KINGFIELD — The town will be able to apply for a state grant of up to $150,000 after voting to designate portions of it as a slum and blighted area.

The vote passed 49-23 at Saturday’s annual Town Meeting. Voters also re-elected incumbent Selectman Merv Wilson for a three-year term and approved a town budget of $707,470, a $9,000 decrease from the current one, said Town Clerk Leanna Targett.

Despite the decrease, taxpayers are unlikely to see a reduction in their property tax rates, because of increases in school and county budgets. The county budget has yet to be determined; Kingfield’s share of the school budget increased $85,650 to $1,315,417. The owner of a $100,000 home currently pays $1,400 in property taxes.

The town could also choose to withdraw funds from existing accounts to offset cost increases, she said.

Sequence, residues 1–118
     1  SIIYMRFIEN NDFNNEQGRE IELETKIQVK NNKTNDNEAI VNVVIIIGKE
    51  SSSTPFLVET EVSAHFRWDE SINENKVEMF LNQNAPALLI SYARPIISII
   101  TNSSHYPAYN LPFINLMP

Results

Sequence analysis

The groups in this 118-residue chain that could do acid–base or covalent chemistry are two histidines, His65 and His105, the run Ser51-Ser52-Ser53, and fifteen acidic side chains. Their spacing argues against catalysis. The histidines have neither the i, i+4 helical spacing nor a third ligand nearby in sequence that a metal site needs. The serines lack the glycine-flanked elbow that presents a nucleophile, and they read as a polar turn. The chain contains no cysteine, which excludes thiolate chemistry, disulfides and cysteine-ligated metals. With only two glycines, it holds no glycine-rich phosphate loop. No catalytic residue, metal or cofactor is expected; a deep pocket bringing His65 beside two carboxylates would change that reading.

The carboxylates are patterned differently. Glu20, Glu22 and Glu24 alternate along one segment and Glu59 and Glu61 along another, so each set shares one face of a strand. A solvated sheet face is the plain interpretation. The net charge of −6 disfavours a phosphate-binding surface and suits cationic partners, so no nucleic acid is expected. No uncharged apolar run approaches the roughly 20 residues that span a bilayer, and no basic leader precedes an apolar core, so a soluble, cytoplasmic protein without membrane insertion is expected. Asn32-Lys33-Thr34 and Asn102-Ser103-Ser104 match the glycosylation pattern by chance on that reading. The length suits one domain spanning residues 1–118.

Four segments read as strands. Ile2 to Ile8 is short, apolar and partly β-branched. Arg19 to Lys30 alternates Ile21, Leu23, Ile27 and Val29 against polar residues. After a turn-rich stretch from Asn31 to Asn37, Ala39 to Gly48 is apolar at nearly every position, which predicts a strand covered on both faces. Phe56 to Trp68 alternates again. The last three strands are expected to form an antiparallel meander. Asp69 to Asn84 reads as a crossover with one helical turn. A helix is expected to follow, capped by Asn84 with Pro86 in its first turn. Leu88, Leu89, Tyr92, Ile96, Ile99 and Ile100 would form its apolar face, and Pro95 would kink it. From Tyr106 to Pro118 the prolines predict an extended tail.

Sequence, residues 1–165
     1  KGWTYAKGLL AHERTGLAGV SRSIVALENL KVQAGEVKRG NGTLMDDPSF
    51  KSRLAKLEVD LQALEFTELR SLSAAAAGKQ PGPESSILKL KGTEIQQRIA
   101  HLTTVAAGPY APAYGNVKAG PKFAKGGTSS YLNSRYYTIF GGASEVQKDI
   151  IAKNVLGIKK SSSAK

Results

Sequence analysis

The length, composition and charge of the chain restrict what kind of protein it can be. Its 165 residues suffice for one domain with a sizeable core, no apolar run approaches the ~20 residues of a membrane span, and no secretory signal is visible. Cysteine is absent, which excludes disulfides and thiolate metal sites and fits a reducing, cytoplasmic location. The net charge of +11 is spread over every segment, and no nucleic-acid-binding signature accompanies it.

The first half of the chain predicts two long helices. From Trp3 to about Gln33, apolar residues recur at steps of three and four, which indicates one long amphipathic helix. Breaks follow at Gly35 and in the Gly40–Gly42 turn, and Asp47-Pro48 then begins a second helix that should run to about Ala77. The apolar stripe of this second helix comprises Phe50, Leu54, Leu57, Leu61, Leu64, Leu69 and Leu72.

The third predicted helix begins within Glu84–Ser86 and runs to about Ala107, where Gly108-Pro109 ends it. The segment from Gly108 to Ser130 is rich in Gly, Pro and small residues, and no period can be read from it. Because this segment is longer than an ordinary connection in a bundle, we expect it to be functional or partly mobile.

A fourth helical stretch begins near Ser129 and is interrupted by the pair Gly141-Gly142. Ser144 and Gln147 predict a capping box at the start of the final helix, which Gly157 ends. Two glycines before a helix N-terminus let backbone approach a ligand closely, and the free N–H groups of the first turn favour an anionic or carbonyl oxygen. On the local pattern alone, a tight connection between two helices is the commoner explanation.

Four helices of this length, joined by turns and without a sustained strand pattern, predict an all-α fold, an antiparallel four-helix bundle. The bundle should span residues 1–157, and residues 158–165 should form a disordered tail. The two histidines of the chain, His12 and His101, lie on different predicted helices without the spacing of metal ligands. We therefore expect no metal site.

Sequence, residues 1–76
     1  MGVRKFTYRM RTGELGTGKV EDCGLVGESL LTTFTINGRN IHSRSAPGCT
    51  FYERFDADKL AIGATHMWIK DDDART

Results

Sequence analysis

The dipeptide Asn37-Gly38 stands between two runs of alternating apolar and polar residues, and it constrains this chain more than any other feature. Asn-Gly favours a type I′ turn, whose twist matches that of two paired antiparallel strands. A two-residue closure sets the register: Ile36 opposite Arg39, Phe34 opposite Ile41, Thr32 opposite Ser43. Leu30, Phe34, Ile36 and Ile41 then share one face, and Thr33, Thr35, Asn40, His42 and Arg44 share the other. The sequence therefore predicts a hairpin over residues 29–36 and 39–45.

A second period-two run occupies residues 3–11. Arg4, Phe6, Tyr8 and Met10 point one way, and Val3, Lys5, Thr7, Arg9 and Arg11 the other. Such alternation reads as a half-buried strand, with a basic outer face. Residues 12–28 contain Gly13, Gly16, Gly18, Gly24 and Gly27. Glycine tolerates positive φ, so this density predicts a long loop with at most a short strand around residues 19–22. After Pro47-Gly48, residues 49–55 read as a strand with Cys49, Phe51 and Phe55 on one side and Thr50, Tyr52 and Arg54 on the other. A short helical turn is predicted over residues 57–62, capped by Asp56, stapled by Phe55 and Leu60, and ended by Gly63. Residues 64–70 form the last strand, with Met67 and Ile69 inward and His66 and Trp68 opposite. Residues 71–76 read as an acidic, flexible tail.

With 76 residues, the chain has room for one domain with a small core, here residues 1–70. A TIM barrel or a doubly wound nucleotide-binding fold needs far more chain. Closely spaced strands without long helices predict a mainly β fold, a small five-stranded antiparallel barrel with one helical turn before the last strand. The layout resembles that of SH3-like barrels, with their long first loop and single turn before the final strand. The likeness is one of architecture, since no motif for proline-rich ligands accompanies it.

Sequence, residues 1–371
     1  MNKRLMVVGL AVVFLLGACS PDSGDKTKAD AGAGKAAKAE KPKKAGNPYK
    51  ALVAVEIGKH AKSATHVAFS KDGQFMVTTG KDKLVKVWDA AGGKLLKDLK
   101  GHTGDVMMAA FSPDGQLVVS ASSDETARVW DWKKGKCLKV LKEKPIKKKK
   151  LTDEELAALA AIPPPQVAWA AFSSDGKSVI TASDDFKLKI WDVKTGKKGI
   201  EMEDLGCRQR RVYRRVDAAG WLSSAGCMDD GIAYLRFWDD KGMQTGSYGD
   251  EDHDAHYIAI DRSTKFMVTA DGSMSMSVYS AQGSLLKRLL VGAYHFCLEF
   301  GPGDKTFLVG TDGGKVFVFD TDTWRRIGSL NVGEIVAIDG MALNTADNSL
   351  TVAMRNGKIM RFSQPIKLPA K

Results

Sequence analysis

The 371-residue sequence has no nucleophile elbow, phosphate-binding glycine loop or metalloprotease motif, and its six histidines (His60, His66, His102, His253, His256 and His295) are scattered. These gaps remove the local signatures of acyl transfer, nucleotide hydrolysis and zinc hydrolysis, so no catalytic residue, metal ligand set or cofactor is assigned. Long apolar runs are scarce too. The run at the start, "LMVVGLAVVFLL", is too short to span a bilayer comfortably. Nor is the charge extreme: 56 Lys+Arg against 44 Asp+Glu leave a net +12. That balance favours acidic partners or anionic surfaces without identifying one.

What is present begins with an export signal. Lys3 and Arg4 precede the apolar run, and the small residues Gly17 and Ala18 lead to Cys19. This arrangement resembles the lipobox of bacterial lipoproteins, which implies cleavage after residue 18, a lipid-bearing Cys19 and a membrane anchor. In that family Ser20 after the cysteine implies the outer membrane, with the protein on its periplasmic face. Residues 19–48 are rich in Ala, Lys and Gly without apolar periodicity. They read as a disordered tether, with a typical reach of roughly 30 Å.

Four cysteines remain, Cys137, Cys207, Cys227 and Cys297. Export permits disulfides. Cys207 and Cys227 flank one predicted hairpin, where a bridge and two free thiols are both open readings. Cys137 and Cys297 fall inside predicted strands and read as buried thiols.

Registrar of Voters Erica Bracy said that the idea of using harsh language to describe parts of Kingfield drew some opposition.

The vote establishes that a section of town contains “deteriorating, dilapidated, slum and blighted area, dangerous buildings, deficient public improvements and incompatible uses of property” constituting “a serious and growing menace” to the health of Kingfield residents.


The designation is needed to apply for a Community Development Block Grant from the state. If Kingfield’s application for the grant is approved, the town will receive money that could be used to develop the area, including landscaping, buildings, facades, and improvements to sidewalks, curbing, crosswalks, streetlights and utilities.

The Kingfield Village Enhancement Plan calls for projects at the Southern Village Gateway on Main Street and the proposed site of the Kingfield Family Park between Main Street and the Carabassett River, both of which are included in the blighted area.

Wilson defended his seat against a challenge from Brad Orbeton, 49-31.

Bracy said that the turnout of 86 residents was “pretty typical for us.”

Matt Hongoltz-Hetling — 861-9287

[email protected]

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